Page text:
Archive for April 3, 2017

Monday, April 3, 2017 [Tweets] [Favorites]

Logs Unite: Forensic Analysis of Apple Unified Logs

Sarah Edwards (PDF via Howard Oakley). Of particular note, regarding Console:

If reviewing on live system

  • Will only show new new events since Console.app opened.
  • Will show messages on disk & in memory (‘Volatile’ column).

Previously: Sierra Logging Spew, Sierra Log Littering.

Beware Default QoS

Apple:

A quality of service (QoS) class allows you to categorize work to be performed by NSOperation, NSOperationQueue, NSThread objects, dispatch queues, and pthreads (POSIX threads). By assigning a QoS to work, you indicate its importance, and the system prioritizes it and schedules it accordingly. For example, the system performs work initiated by a user sooner than background work that can be deferred until a more optimal time. In some cases, system resources may be reallocated away from the lower priority work and given to the higher priority work.

[…]

On iPhones, discretionary and background operations, including networking, are paused when Low Power Mode is enabled.

Drew McCormack:

Defaults for QoS can lead to nasty bugs. A lot of my ‘sync not working’ issues were due to ops not executing in low power mode.

If you have tasks using NSOperation or dispatch, and they seem to stop working in low power mode, that could be it.

Making QoS default to no-ops for low resources seems crazy to me. Apps just break. That should never be a default. Should have been opt in.

The iPad Turnaround Is Coming

Jean-Louis Gassée (tweet):

At the time, it sounded like a stream-of-consciousness ventilation that belied a hesitant inner monologue. Seven years later, we see how prophetic it was. We all know what a PC is for, and we “get” smartphones…but we’re still debating what an iPad wants to be. Is it a PC replacement or just a media consumption device? Is it for knowledge workers, or couch surfers, or artists, or students… That we ask these questions points to an abundance of riches, but our culture needs certainty, it demands sharp taxonomies.

[…]

This leads us to an easy guess for future iPad Pros. We’re likely to see linear hardware and software improvements (keyboard, screen, stylus, more independent windows…), plus others we can’t think of immersed, as we often are, in derivative thought.

[…]

Perhaps I ought to stick to predicting the past, but there too many signs pointing to more muscular iPads taking business away from conventional PCs.

To an extent, perhaps, but I think more than linear improvements would be needed for the iPad to become what Tim Cook thinks of it as.

Chris Adamson:

So where is the software of consequence for iPad? And who, given App Store economic realities, can afford to write it?

Apple TV Penetration Hits 5%

Ben Lovejoy:

New data from comScore shows that 5% of all U.S. households with a WiFi connection now use Apple TV. Apple’s streaming TV box is the fourth most popular platform after Roku, Amazon’s fireTV and Google’s Chromecast.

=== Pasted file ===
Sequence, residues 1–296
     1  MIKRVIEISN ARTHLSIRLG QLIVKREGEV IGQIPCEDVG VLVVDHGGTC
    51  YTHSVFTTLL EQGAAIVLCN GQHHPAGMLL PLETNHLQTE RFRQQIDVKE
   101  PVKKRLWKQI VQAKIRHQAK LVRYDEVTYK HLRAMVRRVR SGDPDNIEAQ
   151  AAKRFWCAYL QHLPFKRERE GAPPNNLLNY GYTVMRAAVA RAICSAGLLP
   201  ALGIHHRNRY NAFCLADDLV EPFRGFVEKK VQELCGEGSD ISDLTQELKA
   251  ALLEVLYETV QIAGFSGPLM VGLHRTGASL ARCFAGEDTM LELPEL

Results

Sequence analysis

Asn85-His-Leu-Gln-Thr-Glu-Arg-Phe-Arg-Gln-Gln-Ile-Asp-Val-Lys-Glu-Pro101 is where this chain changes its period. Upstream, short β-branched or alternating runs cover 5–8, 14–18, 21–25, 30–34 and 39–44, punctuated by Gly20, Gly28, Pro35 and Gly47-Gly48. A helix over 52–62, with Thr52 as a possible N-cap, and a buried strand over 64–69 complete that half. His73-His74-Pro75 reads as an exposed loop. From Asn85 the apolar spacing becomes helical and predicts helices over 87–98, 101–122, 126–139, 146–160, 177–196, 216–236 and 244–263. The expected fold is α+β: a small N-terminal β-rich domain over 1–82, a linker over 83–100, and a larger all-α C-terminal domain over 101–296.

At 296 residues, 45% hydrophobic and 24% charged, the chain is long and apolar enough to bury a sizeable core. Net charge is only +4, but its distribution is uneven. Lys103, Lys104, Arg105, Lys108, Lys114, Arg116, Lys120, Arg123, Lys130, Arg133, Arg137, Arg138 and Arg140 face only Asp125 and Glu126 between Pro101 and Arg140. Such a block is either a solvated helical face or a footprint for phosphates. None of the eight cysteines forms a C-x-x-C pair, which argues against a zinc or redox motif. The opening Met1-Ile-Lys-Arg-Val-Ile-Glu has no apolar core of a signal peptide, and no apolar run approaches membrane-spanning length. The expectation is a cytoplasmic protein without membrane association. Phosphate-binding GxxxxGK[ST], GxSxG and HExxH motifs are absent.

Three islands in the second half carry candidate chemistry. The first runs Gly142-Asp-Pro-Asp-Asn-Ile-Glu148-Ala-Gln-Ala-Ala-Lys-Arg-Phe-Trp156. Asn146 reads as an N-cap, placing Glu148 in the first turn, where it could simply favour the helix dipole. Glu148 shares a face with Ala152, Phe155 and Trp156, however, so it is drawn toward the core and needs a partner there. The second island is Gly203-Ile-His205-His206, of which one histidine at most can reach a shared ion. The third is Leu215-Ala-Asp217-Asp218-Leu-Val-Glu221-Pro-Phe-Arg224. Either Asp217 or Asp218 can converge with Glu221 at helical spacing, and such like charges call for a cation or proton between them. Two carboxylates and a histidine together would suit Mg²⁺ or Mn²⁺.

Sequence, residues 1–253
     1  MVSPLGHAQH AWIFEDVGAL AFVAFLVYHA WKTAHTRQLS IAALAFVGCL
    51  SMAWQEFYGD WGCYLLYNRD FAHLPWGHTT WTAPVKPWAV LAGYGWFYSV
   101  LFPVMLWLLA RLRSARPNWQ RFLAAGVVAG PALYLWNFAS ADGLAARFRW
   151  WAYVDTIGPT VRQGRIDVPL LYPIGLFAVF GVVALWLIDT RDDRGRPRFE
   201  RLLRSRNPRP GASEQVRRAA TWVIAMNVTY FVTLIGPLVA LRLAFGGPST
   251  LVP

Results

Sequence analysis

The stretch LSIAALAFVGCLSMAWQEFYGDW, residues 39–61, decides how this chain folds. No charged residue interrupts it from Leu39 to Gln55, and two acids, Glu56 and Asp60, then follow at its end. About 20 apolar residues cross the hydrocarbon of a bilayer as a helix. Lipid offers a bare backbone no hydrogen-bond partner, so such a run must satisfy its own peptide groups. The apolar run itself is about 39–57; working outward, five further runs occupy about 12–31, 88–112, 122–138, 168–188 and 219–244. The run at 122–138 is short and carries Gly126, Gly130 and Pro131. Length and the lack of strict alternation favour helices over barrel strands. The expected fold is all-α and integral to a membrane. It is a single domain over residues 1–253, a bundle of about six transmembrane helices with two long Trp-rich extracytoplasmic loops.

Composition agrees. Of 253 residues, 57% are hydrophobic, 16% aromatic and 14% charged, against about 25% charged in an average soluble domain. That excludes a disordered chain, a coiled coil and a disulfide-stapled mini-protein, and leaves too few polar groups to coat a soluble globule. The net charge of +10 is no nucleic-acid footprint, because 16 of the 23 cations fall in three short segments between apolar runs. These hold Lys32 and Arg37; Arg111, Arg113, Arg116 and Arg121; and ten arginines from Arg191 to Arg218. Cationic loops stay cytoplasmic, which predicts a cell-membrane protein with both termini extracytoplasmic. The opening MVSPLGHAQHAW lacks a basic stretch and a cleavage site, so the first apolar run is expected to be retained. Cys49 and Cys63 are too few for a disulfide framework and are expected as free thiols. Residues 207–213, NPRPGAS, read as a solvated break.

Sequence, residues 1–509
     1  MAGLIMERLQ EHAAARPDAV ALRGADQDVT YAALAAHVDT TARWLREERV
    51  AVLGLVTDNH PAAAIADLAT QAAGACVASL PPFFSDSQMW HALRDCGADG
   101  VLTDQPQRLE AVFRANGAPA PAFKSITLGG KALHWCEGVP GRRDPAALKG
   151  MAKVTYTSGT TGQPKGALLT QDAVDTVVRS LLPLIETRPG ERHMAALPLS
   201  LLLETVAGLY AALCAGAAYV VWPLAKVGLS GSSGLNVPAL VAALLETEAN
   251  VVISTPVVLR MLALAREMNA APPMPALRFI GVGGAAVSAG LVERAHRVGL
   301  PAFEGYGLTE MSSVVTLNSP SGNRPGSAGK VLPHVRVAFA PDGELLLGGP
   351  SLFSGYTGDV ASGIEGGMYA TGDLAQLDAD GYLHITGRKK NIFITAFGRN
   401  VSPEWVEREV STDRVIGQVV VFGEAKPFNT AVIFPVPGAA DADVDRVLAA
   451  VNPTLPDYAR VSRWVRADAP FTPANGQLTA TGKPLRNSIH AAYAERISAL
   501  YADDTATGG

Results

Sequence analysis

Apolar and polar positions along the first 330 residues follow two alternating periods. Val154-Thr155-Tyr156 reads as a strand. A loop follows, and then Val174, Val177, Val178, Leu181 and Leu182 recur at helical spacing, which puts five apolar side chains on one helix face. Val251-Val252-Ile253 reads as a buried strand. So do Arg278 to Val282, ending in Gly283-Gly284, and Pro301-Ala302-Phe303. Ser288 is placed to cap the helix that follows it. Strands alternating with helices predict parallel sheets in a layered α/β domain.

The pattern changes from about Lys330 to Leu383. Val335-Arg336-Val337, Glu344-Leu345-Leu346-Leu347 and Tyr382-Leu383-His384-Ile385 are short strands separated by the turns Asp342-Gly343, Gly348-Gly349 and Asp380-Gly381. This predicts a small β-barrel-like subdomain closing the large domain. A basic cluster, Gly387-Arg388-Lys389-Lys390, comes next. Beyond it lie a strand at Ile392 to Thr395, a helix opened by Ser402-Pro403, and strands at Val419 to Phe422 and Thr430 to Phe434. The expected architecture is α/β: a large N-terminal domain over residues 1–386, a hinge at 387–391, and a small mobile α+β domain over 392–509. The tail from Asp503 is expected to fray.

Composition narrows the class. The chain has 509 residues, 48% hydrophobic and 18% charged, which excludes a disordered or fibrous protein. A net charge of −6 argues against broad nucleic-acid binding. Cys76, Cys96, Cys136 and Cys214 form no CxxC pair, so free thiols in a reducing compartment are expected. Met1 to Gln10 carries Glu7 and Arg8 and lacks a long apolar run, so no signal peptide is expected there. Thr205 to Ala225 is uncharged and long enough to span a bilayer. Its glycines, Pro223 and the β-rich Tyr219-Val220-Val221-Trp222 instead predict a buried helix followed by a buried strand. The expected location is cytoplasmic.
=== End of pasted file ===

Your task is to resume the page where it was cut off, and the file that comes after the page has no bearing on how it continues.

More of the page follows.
I’m still having regular problems simply playing video via Apple TV 3. It will take 45 minutes before a TV show is ready to play and sometimes stop loading entirely. This is exactly what I don’t want to deal with when relaxing for a few minutes before bed.

An iPhone in the same room can play instantly. It can also AirPlay, albeit with an increasingly awkward interface, to the Apple TV.

I always expected that it would be lack of content that might draw me away from Apple TV. As it happens, my content needs are pretty basic, I don’t want a streaming subscription, and I’m tempted to switch to something else because it simply doesn’t work reliably. Of course, I’ve now purchased lots of content and am locked in.

Jason Seifer, RIP

Casey Liss:

I got news this morning that my friend Jason Seifer had passed away suddenly.

I’m shocked, and really sad.

Jason was like nobody I’ve ever met. Which is an odd thing to say, since we had never actually met in person. Nevertheless, I immediately started to cry upon hearing the news; an odd thing to do for someone who, on paper, was just a voice in my head.

John Siracusa:

I knew @jseifer as kind, funny podcaster. Many others knew him as a developer and mentor. He was a shining horse-head mask in the darkness.

David Heinemeier Hansson:

Sad loss for the Ruby community. Thoughts with his family and friends. 😢

No podcaster has made me laugh as much as Jason Seifer did.

See also: his blog, The Dev Show, Geek Friday, IRL Talk.

Update (2017-04-03): Faith Korpi:

I hope Jason would be proud to know that my first thought after utter heartbreak was worrying his ghost is going to haunt the shit out of me.

Update (2017-05-18): Doximity (via Bruno Miranda):

Jason was unparalleled in three unique areas: pristine code, themed photo shoots and groan-worthy puns. In spirit and celebration of Jason, we have set up a need-based scholarship through University of Central Florida, Jason’s alma mater.